|09-23-2013 01:33 PM|
Yeah, that's the short answer.
It's worth noting that viggen brake rotors and caliper brackets on a 9-3 brake system gives it more front brake bias; moving the point where the brake pad grips the rotor further away from the hub increases its mechanical advantage slightly. I don't know if the stock viggen setup made any attempt to compensate for this with a different fluid pressure bias than the 9-3 master, or whatever, so putting the base master/booster on a viggen might be doing something similar.
Braking loads the front wheels and unloads the rears. In theory too much front bias combined with an abs system that is not expecting to deal with it (or no ABS) will result in the rear wheels losing a lot more grip than intended and the car will be unstable under braking. For a race car that's probably what you want anyways, maximum stopping power and let the driver figure out how to keep it under control.
In practice I believe that the ABS system favors stability over absolute stopping power (as virtually all factory ABSes do), to the point where any of these combinations is well within the safety margins. Neither the viggen nor the race car feel unstable under braking to me.
|09-23-2013 09:33 AM|
So when I need to do this just go to the junkyard and pull a booster,master,resevoir and the hard lines to the ABS distribution thingy?
I have a 99 and therefor no TCS.
|09-22-2013 05:53 PM|
converting viggen to ng900/og9-3 brake master/booster
First question some of you might be asking is "why?". The primary motivation for me was cost and availability. Viggen boosters are almost twice the price ($750 or so), frequently must be special ordered from Europe, and in my experience with two viggens, BOTH have eventually had the original boosters fail resulting in bad vacuum leaks that made the cars stall under braking.
But, you might then ask, isn't the viggen system bigger/better/upgraded? Not really. Both it and the stock systems are more than capable of locking up viggen brakes, which I confirmed firsthand with the ng900 race car from the other thread. It has stock 1997 booster/master paired with viggen disks and caliper brackets, and the brakes are not only fine, they're great. I've heard that the decision was about pedal feel more than performance; they wanted it to not require much effort to apply heavy braking. To me, the viggen system feels more mushy than effortless. To each their own.
The first viggen, the booster started leaking years ago, before I had the race car with the hybrid brakes, and I played it safe with the OEM part. The second time was on the silver car I had just, just finished rebuilding and hadn't even finished break-in on yet when I found this latest irritation. I should probably fix it before I drive the car hard again. Hey... bad vacuum leak, lean running, maybe this is why it blew up in the first place and I'd just never noticed before.
If you try to buy all new catalog parts, which I did for the most part because I didn't know what I was in for, you will need to be meticulous. Now that I've done this swap the hard way, my advice would be to start with a donor ng900 or og9-3 and take EVERYTHING you need from the same car, because there are a lot of slightly different parts.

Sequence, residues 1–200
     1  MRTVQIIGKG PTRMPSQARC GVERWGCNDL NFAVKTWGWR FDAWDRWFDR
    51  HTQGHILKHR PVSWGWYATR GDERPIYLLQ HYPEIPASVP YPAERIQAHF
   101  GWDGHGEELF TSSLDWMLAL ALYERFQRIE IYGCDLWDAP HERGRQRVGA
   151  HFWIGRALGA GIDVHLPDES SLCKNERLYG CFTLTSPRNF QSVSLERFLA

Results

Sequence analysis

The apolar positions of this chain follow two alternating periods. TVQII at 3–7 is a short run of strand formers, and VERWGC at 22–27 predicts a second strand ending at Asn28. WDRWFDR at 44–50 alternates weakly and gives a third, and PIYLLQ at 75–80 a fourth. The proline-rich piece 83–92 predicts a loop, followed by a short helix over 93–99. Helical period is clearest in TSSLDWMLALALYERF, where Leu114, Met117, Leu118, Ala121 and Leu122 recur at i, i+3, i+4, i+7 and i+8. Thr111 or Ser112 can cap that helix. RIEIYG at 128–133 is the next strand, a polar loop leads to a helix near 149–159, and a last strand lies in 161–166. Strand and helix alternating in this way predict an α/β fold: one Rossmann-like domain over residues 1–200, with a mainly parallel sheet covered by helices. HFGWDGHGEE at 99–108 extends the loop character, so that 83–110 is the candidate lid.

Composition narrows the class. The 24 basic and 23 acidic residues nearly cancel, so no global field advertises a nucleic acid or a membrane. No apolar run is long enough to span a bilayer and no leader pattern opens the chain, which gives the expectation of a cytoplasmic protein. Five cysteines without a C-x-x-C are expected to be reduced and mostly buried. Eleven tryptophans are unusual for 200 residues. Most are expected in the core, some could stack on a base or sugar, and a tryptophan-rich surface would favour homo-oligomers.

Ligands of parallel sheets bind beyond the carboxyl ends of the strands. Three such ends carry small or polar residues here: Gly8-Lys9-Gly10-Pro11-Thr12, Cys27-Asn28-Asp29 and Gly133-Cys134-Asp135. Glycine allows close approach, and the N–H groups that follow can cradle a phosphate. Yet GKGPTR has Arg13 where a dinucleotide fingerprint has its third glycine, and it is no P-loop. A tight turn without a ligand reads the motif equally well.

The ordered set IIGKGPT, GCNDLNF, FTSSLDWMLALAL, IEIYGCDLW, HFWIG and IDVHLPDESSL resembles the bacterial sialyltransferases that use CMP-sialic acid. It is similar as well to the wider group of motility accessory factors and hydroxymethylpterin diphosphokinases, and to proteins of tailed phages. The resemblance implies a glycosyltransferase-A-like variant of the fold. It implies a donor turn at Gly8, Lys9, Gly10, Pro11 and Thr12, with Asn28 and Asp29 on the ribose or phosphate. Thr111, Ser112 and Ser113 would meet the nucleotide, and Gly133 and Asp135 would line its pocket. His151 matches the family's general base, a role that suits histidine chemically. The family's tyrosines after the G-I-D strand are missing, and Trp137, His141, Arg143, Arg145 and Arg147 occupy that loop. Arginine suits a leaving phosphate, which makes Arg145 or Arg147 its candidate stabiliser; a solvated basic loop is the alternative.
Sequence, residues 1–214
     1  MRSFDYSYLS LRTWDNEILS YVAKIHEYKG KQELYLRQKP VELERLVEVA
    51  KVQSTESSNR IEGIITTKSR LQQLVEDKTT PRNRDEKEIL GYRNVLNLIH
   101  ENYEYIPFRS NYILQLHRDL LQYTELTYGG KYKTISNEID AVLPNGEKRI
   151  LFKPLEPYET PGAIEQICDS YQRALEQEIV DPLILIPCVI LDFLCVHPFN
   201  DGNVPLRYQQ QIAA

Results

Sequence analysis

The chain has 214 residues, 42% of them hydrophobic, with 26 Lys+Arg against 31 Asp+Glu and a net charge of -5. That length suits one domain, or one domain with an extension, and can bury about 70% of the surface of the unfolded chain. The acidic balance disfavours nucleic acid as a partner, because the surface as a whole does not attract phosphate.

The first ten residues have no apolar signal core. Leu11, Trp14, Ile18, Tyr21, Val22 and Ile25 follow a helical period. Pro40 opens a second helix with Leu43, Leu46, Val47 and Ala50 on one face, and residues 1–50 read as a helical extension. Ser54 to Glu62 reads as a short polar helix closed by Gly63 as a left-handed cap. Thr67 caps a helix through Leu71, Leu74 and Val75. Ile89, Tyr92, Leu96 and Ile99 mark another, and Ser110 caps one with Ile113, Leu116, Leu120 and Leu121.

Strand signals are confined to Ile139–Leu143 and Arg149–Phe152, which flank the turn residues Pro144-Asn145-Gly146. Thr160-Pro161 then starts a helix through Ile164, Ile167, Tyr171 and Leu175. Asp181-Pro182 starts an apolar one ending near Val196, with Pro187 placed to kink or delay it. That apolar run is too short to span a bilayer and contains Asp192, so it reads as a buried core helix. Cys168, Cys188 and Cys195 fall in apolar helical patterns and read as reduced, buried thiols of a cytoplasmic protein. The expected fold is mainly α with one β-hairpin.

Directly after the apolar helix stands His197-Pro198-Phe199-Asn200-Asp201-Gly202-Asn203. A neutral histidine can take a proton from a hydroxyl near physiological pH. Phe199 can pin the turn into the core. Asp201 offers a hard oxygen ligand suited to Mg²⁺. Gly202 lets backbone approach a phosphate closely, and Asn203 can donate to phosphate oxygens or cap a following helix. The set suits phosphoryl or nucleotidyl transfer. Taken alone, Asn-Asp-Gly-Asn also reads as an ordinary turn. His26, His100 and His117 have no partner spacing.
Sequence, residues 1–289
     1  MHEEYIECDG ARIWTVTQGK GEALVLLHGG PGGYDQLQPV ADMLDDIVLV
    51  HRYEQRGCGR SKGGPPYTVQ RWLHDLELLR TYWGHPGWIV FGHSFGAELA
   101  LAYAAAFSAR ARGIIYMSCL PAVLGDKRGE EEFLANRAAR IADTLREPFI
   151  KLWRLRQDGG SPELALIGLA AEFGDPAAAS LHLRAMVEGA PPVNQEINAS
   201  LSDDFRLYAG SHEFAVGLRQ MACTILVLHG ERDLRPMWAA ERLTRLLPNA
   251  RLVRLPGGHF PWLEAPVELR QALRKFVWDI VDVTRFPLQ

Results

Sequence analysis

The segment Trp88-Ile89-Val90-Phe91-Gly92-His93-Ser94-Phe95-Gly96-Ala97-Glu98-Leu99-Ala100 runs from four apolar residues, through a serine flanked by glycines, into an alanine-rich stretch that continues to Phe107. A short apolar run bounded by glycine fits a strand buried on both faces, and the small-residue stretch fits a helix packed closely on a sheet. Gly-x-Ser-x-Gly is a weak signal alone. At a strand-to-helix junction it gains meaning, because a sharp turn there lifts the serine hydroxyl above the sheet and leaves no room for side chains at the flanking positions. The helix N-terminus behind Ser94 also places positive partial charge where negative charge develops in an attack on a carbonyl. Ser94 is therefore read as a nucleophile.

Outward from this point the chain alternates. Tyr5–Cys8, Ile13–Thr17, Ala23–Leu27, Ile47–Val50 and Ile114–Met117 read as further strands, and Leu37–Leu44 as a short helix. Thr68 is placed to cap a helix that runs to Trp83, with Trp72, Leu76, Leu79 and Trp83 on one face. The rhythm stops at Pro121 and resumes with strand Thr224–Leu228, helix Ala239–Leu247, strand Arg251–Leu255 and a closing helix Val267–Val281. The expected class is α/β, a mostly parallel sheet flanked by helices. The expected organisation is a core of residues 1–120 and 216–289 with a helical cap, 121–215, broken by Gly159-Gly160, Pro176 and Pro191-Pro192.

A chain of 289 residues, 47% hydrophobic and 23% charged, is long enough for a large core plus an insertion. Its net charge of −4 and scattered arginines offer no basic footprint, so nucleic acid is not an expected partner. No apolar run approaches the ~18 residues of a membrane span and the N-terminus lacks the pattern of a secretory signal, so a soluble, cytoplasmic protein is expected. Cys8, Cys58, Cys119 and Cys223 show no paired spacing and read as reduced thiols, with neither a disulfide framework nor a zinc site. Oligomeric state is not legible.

The left hand drive viggen booster is actually from a right hand drive 9-5 turned upside down, and vice-versa for the RHD market. I hadn't considered beforehand that the vacuum lines were special to make this work, and indeed they are. These cars have a lot of different brake booster vacuum lines. Behold:
- Naturally aspirated manual LHD ng900/og9-3
- Naturally aspirated manual RHD ng900/og9-3
- Automatic (NA and turbo shared) LHD ng900/og9-3
- Automatic (NA and turbo shared) RHD ng900/og9-3
- Turbo manual t5 (one line with check valve) LHD
- Turbo manual t5 (one line with check valve) RHD
- Turbo manual t7 (venturi) LHD
- Turbo manual t7 (venturi) RHD
- Viggen LHD
- Viggen RHD
There are also several different brake boosters and masters. I don't know about LH/RH differences with these, but at minimum each of these three has a special booster-master combo.
- ng900, og9-3 1999 and 2000
- og9-3 2001 and 2002 (and 2003 cv)
Then there are the reservoirs. If you order a new master from the catalog, it will not come with a reservoir attached unless it explicitly says so, and you'll need one of those because the viggen reservoir is different. Be warned that the fluid level indicator is incompatible between the reservoirs, so your viggen plug that used to go to the sensor integrated with the reservoir will not plug into your replacement reservoir cap's socket. I just left it unplugged, but if this bothers you, you could snip the connectors off of both and re-solder. As far as I can tell the "sensors" on both are just a float that closes the circuit when empty. Piece of cake. Since unplugged and full are both an open circuit, no red warning triangle will haunt your dash if you leave it off.
Then there are the hard lines that connect the master to the TCS controller. These lines are all the same diameter, but there are two significant differences. First, on the viggen, the master has the same M14x1.0 flare nuts for both the front and back cylinders on the master, while on the other cars the front nut is M14x1.0 and the back nut is M12x1.0. Second, the viggen lines are bent into a different configuration for fitment. You COULD replace the big flare nut on the back line with a small one and re-flare the line, and then bend them both to hook up to the right places, but it's infinitely easier to steal the lines off a donor car, which are already bent to fit and have the right hardware.
In the end I ended up with a used booster, new master and new reservoir from an ng900, and used master to TCS hard lines from a 2000 9-3. And my viggen feels great.